Effects of Genetic Engineering - adaptingtotheenviroment

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12 Δεκ 2012 (πριν από 4 χρόνια και 6 μήνες)

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Effects of Genetic Engineering

By Mary Lynn Bushong






1

It seems like something out of a science fiction novel:
scientists using gene splicing to improve food production plants
so more could be grown with less. It sounds wonderful on the
surface, but can it stand up to serious testing?



2

What is involved in making plants more efficient? There are
two ways of doing this. The first is through traditional plant
breeding practices of selecting and crossing plants of the same
kind for
certain traits. If you were growing corn and wanted to
grow shorter corn, you would select plants that were shorter and
cross those until you came up with a plant that was the height you wanted.



3

Gene splicing, on the other hand, is completely diffe
rent, although some people
think it is the same. It involves the splicing or cutting in of genes from a
completely different plant or chemical chain and adding it to another one. It is not
something that could naturally occur in a plant otherwise.



4

Scientists use a virus to carry the new genetic material to the DNA chain of the
plant they are changing. Normally, there are controls built into the DNA strands so
it knows to do certain things at certain times. This new part of the DNA acts
differently f
rom the rest of the strand. It has no controls. Instead of turning on and
off when necessary, it works all the time. The result is that it can produce new
compounds and chemicals never seen before in that or any plant. What the plant
produces depends on wh
ere the new DNA was put into the existing strand. Many
people worry that the new substances that are produced can be harmful to people
and animals.



5

This gene splicing technology can affect us in different ways. The first way is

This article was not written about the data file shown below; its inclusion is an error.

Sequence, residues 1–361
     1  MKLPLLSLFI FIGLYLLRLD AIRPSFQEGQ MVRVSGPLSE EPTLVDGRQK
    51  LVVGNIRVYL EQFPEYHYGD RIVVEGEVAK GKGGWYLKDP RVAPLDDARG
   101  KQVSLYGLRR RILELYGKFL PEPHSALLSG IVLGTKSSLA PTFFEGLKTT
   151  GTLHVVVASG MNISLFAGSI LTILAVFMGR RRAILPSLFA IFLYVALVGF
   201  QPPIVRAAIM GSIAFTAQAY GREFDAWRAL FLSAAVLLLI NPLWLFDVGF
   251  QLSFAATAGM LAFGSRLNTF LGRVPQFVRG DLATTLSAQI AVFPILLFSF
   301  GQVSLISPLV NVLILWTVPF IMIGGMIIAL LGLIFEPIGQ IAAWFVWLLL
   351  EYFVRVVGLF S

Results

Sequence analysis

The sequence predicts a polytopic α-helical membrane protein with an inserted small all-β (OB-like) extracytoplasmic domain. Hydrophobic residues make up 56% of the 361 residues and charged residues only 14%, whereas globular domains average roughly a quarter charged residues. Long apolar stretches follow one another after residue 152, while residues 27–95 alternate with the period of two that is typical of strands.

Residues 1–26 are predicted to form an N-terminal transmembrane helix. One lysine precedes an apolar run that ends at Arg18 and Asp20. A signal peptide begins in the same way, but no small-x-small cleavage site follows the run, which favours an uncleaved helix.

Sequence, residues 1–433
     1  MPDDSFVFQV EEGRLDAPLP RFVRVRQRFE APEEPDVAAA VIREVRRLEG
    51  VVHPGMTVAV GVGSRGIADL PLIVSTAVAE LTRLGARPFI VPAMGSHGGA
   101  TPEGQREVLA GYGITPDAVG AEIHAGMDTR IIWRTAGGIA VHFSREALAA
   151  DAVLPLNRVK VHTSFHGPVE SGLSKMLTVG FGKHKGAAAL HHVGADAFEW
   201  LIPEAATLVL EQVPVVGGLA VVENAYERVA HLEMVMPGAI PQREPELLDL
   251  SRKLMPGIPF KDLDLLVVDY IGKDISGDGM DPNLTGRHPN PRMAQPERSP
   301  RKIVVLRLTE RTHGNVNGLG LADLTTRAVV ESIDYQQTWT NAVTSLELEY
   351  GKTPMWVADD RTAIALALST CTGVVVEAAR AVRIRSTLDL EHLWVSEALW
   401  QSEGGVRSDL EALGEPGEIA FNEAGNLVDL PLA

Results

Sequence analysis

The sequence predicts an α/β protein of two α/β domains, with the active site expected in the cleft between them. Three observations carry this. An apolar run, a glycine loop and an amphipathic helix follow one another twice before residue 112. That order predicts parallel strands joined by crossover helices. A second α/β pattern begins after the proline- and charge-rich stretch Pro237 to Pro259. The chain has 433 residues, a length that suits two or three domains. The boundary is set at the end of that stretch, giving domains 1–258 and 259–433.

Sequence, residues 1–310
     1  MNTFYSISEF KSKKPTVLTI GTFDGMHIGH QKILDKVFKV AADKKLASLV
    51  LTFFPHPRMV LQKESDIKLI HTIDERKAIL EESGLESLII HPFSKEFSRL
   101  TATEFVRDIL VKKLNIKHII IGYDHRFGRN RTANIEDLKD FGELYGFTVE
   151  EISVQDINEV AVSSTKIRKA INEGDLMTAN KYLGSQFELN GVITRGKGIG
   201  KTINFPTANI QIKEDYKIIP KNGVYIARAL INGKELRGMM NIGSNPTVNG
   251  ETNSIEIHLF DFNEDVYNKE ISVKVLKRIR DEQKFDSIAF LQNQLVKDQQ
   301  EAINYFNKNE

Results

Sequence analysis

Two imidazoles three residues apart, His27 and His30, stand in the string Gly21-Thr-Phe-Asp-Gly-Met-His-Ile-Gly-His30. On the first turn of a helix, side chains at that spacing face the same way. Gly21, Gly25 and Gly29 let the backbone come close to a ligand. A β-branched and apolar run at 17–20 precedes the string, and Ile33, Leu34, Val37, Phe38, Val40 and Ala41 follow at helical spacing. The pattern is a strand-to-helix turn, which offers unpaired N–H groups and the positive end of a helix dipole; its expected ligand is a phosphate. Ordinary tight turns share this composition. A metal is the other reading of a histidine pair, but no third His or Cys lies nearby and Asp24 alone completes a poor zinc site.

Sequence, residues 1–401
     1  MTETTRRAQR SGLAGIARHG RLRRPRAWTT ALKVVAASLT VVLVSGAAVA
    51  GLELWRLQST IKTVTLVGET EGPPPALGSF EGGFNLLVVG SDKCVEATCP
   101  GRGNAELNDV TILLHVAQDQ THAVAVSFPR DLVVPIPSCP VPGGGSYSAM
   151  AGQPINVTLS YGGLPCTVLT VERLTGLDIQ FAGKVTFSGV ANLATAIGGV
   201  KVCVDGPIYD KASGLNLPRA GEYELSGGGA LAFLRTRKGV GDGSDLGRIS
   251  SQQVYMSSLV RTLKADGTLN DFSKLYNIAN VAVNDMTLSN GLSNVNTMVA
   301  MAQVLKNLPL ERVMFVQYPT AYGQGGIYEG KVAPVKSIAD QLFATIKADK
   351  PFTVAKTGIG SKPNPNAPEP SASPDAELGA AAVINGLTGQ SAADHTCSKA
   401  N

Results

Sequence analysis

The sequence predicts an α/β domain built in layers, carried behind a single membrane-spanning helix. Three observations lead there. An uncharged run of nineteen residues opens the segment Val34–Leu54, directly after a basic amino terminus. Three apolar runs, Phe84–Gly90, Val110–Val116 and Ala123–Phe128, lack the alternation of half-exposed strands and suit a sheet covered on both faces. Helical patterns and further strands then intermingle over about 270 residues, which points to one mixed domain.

through foods we reg
ularly eat. After little testing and relying mostly on the word
of the manufacturers that the food products were safe, the first genetically
engineered foods were allowed on the market. To avoid scaring people from using
these "Frankenfoods," as they have
been labeled by some, the government said
they did not have to be labeled.



6

The problem comes if parts of plants like peanuts are added to something like
corn. If you have a bad allergy for peanuts, you know to avoid those and to read
labels to see
if it is in an ingredient list. What would happen if a scientist added a
part of peanut DNA to that of corn? Let's say that the experiment was a success,
and the corn was really improved. What would happen if that corn was widely
grown for a specific purpo
se, and some of that corn was sold for something else,
and it made its way into our food chain? Since that corn would be unlabeled, how
might that affect those who have serious problems with any kind of peanut
product? This is just one of many concerns voi
ced by scientists.



7

Monsanto now sells genetically engineered soybean seeds that are "Round
Up
TM

ready." This means that some of the weed killer Round Up
TM

is part of the
DNA of the plant. That means a farmer can spray his field of soybeans with Rou
nd
Up
TM

to kill the weeds and not harm the plants. Since consuming even a small part
of this weed killer can make you sick or kill you, what affect does this have on the
people who eat soy products from these plants? No one knows for sure because
long
-
term